'Comparison' As a Mode of Inquiry in the Post-Comparative World

Comparison as a mode of scholarly inquiry has long been under question, be it as "cultural comparison" in the field of anthropology or the explicit nationalist frameworks of "comparative literature" and "comparative history." Thus the turn to the transnational, the global or world, and even the local seems to imply that scholarship has entered a "post-comparative" phase. In the spring semester of 2016, we return to comparison as a mode of inquiry, a method, or an analytic. We seek to interrogate the utility of a comparative logic uncoupled from the previous paradigms. But we also intend to investigate the ways in which the logic of comparison or its suppositions-implicit or explicit-might still guide analysis in a "post-comparative" moment.

Are comparisons a constitutive element of social order and of historical change? Have they always been so? Since at least the sixteenth century, worldwide comparisons have been interpreted as a form of imagined relations that produce the "world as a whole" by comparing heterogenic, seemingly non-commensurable, and formerly separate cultures and regions. But has a sense of "the global" been shaped by comparative descriptions? Is "comparison" necessarily linked to an insufficiently defined notion of a larger "whole" that predetermines the comparative framework and the results of such an analysis? Should we think of the world as a bundle of constitutive parts or discrete zones of comparison?

We will explore comparison as a mode of observing, defining, and creating parts and wholes through different patterns, media, and standards. We are interested in the use of comparison in specific disciplinary fields and in regard to specific topics (world literature of travel and exploration, comparisons of cultures or cultural forms, metaphors of trans- or cross-, comparisons of national forms of capitalism, global wars, narratives of progress, crimes against humanity) but also at the meta-level of imagining how "comparison" undergirds questions of heterogeneity and particularity, convergence and disjuncture, difference and hierarchy, self and other, commensurability, as well as temporality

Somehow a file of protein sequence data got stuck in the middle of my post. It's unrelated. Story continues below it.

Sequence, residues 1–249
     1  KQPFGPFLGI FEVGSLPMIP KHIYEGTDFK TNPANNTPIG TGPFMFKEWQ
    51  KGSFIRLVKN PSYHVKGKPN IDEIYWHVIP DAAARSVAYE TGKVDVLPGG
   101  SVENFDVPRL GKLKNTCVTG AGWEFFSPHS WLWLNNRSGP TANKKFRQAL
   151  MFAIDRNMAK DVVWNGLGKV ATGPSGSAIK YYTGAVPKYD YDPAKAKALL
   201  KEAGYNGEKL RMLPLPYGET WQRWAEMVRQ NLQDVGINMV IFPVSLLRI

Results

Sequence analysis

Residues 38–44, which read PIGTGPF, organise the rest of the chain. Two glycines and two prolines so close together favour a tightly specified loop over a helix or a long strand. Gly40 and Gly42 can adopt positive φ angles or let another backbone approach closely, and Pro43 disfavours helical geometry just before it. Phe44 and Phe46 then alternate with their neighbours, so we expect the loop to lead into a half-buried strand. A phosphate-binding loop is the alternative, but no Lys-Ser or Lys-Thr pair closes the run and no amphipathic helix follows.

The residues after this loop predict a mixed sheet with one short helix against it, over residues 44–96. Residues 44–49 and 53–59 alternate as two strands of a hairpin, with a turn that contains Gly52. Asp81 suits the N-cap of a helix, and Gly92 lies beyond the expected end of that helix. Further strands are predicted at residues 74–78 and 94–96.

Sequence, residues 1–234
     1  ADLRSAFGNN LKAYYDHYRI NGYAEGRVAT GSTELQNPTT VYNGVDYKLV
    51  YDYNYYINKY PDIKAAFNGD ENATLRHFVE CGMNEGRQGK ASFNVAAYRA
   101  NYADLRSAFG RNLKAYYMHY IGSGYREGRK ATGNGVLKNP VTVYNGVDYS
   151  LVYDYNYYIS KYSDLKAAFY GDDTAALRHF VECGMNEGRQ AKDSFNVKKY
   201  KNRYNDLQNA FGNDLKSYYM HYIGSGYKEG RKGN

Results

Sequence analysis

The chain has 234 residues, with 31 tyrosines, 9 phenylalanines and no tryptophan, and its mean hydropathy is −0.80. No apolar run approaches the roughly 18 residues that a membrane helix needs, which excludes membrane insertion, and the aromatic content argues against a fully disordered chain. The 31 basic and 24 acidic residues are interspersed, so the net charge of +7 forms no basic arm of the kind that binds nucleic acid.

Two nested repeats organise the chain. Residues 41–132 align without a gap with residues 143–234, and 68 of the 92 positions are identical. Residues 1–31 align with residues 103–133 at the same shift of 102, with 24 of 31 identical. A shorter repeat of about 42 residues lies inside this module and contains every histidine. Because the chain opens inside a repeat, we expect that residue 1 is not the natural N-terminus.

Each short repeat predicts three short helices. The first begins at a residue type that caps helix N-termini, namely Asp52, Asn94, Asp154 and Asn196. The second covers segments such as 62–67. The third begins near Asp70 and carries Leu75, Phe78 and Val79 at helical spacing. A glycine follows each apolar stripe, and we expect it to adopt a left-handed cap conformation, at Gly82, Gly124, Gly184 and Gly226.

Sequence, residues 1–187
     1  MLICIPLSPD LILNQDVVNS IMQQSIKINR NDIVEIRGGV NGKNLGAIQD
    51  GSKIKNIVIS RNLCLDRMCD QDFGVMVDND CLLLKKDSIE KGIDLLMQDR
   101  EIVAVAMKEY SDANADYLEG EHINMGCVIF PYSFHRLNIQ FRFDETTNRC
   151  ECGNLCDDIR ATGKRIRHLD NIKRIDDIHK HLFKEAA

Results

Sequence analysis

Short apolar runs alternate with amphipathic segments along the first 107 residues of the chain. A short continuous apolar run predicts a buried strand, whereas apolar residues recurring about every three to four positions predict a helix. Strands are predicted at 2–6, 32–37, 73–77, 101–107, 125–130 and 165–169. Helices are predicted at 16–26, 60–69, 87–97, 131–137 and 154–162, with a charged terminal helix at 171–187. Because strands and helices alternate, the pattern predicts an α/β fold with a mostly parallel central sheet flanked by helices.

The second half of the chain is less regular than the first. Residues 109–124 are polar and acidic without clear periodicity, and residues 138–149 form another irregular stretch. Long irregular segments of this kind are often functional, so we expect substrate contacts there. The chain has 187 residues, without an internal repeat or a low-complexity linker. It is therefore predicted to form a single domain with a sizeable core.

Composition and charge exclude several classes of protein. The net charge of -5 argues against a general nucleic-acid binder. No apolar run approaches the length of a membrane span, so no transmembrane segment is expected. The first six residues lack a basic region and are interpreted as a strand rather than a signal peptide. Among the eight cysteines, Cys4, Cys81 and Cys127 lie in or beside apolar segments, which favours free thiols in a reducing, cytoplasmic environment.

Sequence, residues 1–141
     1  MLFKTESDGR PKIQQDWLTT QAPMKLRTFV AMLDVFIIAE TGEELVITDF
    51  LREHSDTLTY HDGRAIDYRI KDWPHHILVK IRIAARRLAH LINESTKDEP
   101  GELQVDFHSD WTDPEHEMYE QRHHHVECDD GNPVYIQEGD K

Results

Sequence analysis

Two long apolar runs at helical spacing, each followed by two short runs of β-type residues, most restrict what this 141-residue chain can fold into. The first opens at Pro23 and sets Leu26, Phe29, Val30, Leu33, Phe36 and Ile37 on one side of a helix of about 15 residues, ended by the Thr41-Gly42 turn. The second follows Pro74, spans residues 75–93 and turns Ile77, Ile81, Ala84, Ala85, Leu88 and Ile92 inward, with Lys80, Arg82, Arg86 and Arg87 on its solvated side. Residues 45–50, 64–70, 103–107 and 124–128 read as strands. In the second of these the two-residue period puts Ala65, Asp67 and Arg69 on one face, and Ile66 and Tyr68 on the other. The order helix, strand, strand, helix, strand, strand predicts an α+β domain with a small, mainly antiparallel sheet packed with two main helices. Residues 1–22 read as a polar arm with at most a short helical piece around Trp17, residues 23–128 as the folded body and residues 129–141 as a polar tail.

All lectures begin at 6 p.m. unless otherwise noted, and are held in the Daniel Family Commons, which is located in the Usdan University Center.


Anthropocene: A New History 

Catherine Malabou • Kingston University London GO


Canada, the Revolution, and Creating the United States 

Jeffers Lennox • Wesleyan University  GO


We are not here to bring the love we bear to women … into comparison, nor rank it with [other forms of love]. Opportunities and limits of comparisons in premodern and modern times.

Franz-Josef Arlinghaus • Bielefeld University  GO


Comparing Pictures. Comparative Practices and their Implications

Johannes Grave • Bielefeld University GO


An Object of Comparison: The Orientalist Photographer

Ali Behdad • UCLA  GO


Lying Comparatively: Ordered Times and Ruptured Worlds 

Jesse Torgerson • Wesleyan University GO



Lauren Berlant • University of Chicago GO


Big Comparison: China, India, and some Conundrums of the Comparative Method

Sheldon Pollock • Columbia University GO


Beyond IslamChristianity, and Hinduism: The Quest for Compatible Categories of Comparison in the Academic Study of Religion 

Peter Gottschalk • Wesleyan University GO


Being Ready for What You Don’t Know: Beatriz Santiago Muñoz’ Wandering, Brown Cinema 

Rachel Ellis Neyra • Wesleyan University GO


Beyond Comparative Philosophy

Stephen Angle • Wesleyan University GO